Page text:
The role of hybridisation in the evolution of island floras has been demonstrated in other angiospermous families, too. Similar to the topology of P. brighamii, Francisco-Ortega & al. (1996) found subspecies and different accessions of Argyranthemum species [page 128↓](Asteraceae) in a paraphyletic topology. The authors interpreted this phenomenon in the Macronesian flora by either introgression from other taxa as is suggested here, too.

(Pamilo & Nei 1988) recommend the employment of various markers with a different history, preferably both plastid and nuclear loci, to reduce the risk of irrelevant molecular information due to specific traits of ITS evolution. Results from Pridgeon & al. (2001: 2301), however, have shown that common plastid markers (matK, trnL) failed to resolve relationships among species of subgen. Specklinia (clade G). To test the hypothesis of local hybridisation as a cause for incongruence between gene and species trees, it will be essential to add other chloroplast markers which are evolutionary less stable. Similarly, cytological examinations of chromosomal features could help in identifying hybrids and additional PCRs using denaturating detergents (DMSO) should be conducted to check for functional vs. non-functional PCR products (Buckler-IV & al. 1997).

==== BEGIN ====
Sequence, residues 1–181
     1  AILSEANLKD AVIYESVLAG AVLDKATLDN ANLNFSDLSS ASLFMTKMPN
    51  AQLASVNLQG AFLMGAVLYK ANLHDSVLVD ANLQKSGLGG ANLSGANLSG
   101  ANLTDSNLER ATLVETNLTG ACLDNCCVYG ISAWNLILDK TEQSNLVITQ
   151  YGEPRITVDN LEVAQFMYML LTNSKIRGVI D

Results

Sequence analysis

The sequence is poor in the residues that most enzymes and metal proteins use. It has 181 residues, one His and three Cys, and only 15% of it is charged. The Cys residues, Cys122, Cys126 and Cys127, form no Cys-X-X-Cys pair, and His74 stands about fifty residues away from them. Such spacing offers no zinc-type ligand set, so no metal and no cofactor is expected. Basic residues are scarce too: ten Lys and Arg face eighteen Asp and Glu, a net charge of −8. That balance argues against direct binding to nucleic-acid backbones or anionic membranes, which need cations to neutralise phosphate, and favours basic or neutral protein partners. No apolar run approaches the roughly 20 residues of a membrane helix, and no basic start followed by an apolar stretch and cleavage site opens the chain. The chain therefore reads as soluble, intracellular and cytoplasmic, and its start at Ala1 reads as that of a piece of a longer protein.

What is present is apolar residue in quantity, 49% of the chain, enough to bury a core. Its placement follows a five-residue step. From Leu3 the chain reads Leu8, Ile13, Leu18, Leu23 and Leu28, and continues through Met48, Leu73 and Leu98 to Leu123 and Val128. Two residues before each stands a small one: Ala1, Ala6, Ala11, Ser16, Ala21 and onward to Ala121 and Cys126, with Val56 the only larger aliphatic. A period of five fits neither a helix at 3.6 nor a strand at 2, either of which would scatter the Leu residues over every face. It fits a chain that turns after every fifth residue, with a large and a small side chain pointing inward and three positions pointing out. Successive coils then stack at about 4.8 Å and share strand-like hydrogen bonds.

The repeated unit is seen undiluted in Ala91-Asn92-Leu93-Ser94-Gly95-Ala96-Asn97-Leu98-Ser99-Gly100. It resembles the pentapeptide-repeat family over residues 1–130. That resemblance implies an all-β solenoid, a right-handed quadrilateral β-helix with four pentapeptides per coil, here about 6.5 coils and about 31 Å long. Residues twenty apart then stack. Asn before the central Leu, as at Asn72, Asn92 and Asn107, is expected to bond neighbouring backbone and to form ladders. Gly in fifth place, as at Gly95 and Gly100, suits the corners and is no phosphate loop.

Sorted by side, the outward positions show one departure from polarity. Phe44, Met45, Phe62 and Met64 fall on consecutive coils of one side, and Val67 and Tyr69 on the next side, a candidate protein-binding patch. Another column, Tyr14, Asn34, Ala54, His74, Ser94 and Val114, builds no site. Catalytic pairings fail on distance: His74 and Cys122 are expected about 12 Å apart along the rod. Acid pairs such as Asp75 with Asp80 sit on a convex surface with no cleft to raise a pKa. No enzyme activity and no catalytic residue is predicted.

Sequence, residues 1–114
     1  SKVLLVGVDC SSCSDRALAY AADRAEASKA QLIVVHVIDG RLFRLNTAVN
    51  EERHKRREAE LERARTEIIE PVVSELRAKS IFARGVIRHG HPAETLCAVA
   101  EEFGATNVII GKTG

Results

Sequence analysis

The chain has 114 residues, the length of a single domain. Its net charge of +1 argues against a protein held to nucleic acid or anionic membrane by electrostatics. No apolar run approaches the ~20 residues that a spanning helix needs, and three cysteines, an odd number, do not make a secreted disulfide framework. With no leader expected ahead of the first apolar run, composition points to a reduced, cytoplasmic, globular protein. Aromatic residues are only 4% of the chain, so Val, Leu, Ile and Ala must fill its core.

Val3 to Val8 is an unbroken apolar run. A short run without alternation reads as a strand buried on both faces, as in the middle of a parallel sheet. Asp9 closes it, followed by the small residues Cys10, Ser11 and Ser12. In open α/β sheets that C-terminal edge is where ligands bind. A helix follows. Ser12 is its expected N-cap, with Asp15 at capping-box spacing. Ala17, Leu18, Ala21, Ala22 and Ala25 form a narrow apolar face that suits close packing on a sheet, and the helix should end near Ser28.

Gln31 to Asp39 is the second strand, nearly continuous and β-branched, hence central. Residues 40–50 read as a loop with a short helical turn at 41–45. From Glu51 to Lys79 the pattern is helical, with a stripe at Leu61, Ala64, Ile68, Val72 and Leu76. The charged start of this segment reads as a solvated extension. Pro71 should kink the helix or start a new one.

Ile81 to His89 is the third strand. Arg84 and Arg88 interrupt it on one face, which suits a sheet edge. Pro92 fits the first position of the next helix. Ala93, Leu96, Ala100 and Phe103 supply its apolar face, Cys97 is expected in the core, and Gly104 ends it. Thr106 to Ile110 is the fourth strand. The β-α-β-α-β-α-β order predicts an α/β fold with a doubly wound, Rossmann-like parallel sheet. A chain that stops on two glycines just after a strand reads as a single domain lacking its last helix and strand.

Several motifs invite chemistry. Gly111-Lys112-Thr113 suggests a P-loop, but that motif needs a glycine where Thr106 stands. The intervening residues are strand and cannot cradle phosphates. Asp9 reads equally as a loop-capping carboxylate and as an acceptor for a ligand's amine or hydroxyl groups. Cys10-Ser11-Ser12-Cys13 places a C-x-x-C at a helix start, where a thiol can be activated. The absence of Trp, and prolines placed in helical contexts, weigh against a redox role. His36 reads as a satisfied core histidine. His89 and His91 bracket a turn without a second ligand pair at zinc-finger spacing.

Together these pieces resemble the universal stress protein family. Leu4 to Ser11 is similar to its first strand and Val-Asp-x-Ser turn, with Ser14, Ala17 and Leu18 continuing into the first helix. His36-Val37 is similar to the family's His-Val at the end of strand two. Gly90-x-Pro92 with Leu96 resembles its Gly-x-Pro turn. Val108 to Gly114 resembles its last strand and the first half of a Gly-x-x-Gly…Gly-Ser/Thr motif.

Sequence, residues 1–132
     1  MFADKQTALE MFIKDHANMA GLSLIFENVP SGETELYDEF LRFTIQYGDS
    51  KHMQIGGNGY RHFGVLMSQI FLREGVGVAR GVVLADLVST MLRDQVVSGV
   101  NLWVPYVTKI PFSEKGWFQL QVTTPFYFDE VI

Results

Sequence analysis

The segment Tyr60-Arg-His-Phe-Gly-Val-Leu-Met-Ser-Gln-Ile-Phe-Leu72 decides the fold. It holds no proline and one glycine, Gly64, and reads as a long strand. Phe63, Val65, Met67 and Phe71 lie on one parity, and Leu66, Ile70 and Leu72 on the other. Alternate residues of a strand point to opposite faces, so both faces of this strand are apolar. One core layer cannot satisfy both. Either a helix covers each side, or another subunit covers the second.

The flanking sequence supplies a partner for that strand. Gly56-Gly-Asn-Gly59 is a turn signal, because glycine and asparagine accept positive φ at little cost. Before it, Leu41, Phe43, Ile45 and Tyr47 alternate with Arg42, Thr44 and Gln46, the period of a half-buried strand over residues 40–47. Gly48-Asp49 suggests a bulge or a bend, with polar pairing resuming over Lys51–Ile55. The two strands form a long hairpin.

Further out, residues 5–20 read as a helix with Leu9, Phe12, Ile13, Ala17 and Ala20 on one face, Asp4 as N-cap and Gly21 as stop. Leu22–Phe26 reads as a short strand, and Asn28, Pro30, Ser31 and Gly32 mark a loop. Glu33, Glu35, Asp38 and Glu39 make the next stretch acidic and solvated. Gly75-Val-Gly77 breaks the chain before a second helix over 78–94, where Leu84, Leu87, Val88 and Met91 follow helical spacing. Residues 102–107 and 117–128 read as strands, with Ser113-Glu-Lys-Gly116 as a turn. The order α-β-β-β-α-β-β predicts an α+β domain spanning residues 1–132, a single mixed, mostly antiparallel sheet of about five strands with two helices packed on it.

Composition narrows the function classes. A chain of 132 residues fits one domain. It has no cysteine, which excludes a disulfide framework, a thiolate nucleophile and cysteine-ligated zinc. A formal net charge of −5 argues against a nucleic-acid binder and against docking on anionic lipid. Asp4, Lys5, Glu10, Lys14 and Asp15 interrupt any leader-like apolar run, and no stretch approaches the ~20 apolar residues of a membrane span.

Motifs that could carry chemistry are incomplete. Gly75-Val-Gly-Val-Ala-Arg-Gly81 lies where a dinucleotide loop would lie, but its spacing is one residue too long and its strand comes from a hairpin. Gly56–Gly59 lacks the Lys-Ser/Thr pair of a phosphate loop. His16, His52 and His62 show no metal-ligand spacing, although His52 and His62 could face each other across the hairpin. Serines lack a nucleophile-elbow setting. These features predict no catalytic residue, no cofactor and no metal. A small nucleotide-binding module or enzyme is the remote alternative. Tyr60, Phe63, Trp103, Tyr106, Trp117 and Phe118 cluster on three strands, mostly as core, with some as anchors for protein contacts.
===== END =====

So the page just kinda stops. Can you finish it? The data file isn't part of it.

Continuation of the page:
The observed pattern is rarely seen in genetic studies on orchids, since most of these projects deal either with phylogenetic issues at a larger scale or with population genetics in restricted areas (Borba & al. 2000, 2001a). The simultaneous study of sample sets defined by area (floras) and by systematics (phylogeny) including both distantly and closely related species or even multiple samples from different but well known localities is a requirement for the findings in the present study. Some studies are aimed at the phylogeny of distantly related taxa, thus, spanning a great array of species. Logically, sequencing of closely related taxa is usually avoided to guarantee an evenly spread sample set of the group under study. Multiple sampling of species is rare in molecular studies on Orchidaceae aimed at the phylogeny of large-scale taxa. Most studies include only one or two species with double accessions. Van den Berg & al. 2002 double sampled several taxa. In this study the two accessions of one species (Cymbidium ensifolium (L.) Sw.) were separated by an other (C. kanran Mak.), however, with bootstrap support < 50% and a collapsed branch in the strict consensus tree. Unfortunately, this interesting result was not discussed by the authors. Cox & al. (1997) reports a case where a taxonomically synonymised, hence morphologically very similar pair of species was separated by several other taxa in the ITS tree. This is exactly what was found here in P. brighamii and P. grisebachiana-P. grobyi. Again, the authors fail to further discuss these findings.

4.3  Genesis of the Antillean Pleurothallis flora

Reliable phylogenetic data along with distribution patterns are available for one of the major groups of Antillean orchids for the first time. This allows a detailed discussion of the genesis of Antillean orchid flora.

[page 129↓]Colonisation of the Antillean arc by pleurothallid orchids